Plant infection by bacterial pathogens frequently leads to loss of chloroplast functions and, consequently, to tissue chlorosis or necrosis, impairing plant fitness and propelling disease (Lu and Yao, 2018). Transcripts related with photosynthesis were reported to be repressed in susceptible Actinidia chinensis var. chinensis cultivars, but highly expressed in the more tolerant A. eriantha species after Psa infection (Wang et al., 2017). Here, decreased total chlorophyll concentration was observed in A. chinensis after infection with Psa and Pfm, whereas in A. arguta inoculated with either bacterial strain no significant alterations in total chlorophyll concentration over the experimental period were recorded (Figure 3). Loss of these photosynthetic pigments in A. chinensis is probably related to the higher prevalence of tissue necrosis observed (Figure 1), thus demonstrating the more tolerant character of A. arguta. Concerning phenolic compounds, increased polyphenols concentration was observed in A. chinensis 14 dpi with Psa and Pfm, probably as part of the defense mechanisms employed by the infected plants (Figure 3). Contrastingly, no significant alterations were observed in soluble polyphenols in A. arguta, which is in line with what was observed for total chlorophylls and MDA concentrations, demonstrating that inoculation did not induce severe alterations in plant metabolism. Lignin concentration increased 7 dpi in A. chinensis Pfm-inoculated plants and 14 dpi in Psa-inoculated ones, whereas in A. arguta it was significantly higher in Psa-inoculated plants in all time-points analyzed. So far, the role of lignin accumulation in Psa- and Pfm-infected kiwifruit plants has not been properly explored, but we hypothesize that increased lignin concentration in Psa-inoculated plants may be one of the defense mechanisms employed by A. arguta to restrain pathogen penetration and/or migration within plant tissues, possibly contributing to its higher tolerance to Psa.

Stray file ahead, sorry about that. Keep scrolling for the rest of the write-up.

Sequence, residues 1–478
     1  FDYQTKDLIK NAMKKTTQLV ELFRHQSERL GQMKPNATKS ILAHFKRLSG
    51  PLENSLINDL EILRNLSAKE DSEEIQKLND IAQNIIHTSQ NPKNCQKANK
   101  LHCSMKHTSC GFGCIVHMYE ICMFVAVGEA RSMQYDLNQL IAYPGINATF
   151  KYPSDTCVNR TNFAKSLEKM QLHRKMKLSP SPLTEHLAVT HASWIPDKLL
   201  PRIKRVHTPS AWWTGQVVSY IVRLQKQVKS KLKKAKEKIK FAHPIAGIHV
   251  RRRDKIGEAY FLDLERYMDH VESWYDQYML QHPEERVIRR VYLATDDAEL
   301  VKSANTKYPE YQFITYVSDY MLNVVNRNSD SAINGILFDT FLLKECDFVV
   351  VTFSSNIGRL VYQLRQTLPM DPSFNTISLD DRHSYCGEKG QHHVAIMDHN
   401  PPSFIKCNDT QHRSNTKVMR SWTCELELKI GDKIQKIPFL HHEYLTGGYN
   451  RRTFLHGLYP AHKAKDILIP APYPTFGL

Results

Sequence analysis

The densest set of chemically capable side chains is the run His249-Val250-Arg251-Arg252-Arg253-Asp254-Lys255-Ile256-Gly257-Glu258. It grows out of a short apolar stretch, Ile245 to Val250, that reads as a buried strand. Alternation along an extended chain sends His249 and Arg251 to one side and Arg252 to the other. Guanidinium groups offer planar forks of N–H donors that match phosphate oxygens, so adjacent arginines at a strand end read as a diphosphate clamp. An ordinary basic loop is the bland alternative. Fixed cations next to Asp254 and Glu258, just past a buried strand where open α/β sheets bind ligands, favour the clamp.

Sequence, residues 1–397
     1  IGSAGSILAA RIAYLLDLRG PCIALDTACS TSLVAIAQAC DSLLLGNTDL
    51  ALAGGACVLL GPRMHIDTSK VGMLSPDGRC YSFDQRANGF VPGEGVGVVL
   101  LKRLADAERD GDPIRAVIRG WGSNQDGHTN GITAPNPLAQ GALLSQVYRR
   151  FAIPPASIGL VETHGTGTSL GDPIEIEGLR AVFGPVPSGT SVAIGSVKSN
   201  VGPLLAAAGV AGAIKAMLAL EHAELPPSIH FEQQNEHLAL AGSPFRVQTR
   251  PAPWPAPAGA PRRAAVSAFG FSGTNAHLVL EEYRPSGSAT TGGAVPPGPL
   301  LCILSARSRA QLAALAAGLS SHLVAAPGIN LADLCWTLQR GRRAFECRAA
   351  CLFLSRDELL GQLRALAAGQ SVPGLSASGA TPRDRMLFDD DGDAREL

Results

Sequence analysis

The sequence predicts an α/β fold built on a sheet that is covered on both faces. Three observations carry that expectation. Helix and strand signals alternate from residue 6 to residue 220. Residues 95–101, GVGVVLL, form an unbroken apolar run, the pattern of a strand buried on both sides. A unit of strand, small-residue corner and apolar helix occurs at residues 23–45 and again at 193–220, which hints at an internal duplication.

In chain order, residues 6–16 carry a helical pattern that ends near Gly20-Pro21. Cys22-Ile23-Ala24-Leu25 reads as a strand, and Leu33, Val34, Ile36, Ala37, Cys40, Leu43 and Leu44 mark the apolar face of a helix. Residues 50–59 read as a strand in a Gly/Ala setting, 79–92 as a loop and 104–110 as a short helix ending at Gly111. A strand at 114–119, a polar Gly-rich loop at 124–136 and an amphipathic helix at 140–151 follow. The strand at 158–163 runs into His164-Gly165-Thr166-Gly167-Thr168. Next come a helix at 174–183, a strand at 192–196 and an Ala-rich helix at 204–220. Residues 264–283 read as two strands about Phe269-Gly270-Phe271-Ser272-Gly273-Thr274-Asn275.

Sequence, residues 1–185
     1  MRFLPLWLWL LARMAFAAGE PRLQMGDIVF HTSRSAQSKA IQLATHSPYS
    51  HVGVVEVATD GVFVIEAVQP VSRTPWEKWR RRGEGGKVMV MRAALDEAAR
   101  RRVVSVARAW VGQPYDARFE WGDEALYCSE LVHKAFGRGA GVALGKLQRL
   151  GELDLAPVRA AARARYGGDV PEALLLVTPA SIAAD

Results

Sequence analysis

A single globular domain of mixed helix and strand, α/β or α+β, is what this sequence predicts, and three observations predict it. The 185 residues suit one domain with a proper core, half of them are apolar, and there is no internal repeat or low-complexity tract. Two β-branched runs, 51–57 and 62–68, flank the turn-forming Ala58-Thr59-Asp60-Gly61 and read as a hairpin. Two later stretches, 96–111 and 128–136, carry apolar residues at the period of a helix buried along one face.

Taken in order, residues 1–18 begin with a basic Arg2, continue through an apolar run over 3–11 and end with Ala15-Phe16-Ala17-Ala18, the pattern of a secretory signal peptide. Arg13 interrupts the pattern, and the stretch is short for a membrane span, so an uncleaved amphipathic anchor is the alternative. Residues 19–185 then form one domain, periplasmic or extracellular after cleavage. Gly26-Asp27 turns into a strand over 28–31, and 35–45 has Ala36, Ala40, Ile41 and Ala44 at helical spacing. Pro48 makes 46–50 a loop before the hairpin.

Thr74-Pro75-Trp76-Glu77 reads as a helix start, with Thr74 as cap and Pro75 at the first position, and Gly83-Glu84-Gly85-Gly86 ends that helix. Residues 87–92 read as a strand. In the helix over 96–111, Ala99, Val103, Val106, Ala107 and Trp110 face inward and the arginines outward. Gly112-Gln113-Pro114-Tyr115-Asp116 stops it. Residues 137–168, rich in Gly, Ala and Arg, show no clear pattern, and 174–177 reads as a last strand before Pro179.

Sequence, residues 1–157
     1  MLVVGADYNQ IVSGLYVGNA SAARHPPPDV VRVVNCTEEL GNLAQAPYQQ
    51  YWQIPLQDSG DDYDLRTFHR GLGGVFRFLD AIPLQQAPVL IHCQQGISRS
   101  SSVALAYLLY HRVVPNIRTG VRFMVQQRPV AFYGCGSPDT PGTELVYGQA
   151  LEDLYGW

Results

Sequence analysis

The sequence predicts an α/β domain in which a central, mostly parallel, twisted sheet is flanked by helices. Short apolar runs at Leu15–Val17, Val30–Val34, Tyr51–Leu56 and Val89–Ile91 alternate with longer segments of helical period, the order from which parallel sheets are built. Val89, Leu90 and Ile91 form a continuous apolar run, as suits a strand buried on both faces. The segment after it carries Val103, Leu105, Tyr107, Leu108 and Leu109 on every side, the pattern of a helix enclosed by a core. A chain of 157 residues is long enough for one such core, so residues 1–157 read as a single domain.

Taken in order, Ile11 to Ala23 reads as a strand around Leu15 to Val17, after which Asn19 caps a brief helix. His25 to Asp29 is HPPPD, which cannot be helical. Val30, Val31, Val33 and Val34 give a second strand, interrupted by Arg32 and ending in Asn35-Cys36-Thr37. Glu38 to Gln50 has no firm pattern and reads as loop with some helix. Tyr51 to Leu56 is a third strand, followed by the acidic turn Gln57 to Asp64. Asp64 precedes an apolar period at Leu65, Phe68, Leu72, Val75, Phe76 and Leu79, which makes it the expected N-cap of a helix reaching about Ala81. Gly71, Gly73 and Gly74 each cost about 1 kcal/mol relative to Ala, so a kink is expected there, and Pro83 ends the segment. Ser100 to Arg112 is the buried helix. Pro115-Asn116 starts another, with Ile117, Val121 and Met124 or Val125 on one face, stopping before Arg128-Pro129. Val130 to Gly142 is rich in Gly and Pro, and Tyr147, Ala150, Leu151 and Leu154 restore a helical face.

LOX1 and SAM are involved in JA and ET biosynthesis pathways. Whereas LOX1 converts α-linolenic acid into 13-hydroperoxyoctadecatrienoic acid in the jasmonic acid biosynthesis, SAM encodes S-adenosylmethionine synthetase, a precursor of ethylene biosynthesis (Kolomiets et al., 2000). Although SAM is the precursor of not only ET but also of polyamines, due to its key regulatory role during the first step of ET biosynthesis it is frequently used as reporter for ET metabolism (Zhao et al., 2017). Genes involved in ET biosynthesis, such as AP2/ERF, EIN2 and SAM, were found to be upregulated just 2 dpi in A. chinensis plants inoculated with Psa (Wurms et al., 2017a; Wurms et al., 2017b, Nunes da Silva et al., 2019). LOX1 increased activity was also previously reported in A. chinensis and A. arguta Psa- and Pfm-inoculated plants, and is regarded as a strategy used by the pathogen to antagonize plant defense mechanisms (Cellini et al., 2014; Nunes da Silva et al., 2019). In fact, several studies have confirmed that Actinidia defense responses against Psa are mainly regulated by SA-mediated pathways, whereas ET- and JA-pathways act synergistically between each other, but antagonistically to SA, leading to increased plant susceptibility (Petriccione et al., 2013; Reglinski et al., 2013; Cellini et al., 2014; Petriccione et al., 2014). In the current work, within each species a similar trend in LOX1 and SAM expression was observed, with little variation between Psa- and Pfm-inoculated plants (Figure 5). However, it is interesting to note that these genes involved in JA- and ET-pathways were overexpressed (compared to mock-inoculated controls) shortly after infection and decreased thereafter in A. arguta, whereas in A. chinensis their transcriptional levels remained near the basal threshold (1-fold) during the first stages of the disease, significantly increasing until the end of the experimental period. Due to their reported antagonistic effect to kiwifruit defense mechanisms, we hypothesize that LOX1 and SAM were upregulated in the latter stages of the disease in A. chinensis as result of impaired defense ability due to elevated bacterial density inside plant tissues, but were supressed in A. arguta as part of its coping mechanisms against Psa and Pfm. The fact that A. arguta is able to repress the occurrence of severe impairments to both primary and secondary metabolism from an early stage of the disease can partly explain its increased tolerance to Psa and Pfm infection.